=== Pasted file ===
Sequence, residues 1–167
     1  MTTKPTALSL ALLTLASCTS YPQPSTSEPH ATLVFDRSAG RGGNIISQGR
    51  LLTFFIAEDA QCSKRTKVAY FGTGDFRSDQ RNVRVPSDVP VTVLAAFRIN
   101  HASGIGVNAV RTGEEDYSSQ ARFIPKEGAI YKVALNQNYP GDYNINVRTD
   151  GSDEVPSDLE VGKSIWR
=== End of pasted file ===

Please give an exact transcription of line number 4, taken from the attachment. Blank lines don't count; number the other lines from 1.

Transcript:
   101  HASGIGVNAV RTGEEDYSSQ ARFIPKEGAI YKVALNQNYP GDYNINVRTD